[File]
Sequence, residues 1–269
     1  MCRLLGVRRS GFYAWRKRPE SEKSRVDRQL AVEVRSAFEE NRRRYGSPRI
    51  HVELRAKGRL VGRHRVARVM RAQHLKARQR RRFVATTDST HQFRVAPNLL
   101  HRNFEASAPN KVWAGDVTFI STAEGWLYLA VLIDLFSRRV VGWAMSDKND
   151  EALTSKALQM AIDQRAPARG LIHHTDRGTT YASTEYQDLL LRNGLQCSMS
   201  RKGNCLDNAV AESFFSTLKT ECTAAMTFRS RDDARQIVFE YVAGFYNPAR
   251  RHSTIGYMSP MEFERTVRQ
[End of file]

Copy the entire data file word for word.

Sequence, residues 1–269
     1  MCRLLGVRRS GFYAWRKRPE SEKSRVDRQL AVEVRSAFEE NRRRYGSPRI
    51  HVELRAKGRL VGRHRVARVM RAQHLKARQR RRFVATTDST HQFRVAPNLL
   101  HRNFEASAPN KVWAGDVTFI STAEGWLYLA VLIDLFSRRV VGWAMSDKND
   151  EALTSKALQM AIDQRAPARG LIHHTDRGTT YASTEYQDLL LRNGLQCSMS
   201  RKGNCLDNAV AESFFSTLKT ECTAAMTFRS RDDARQIVFE YVAGFYNPAR
   251  RHSTIGYMSP MEFERTVRQ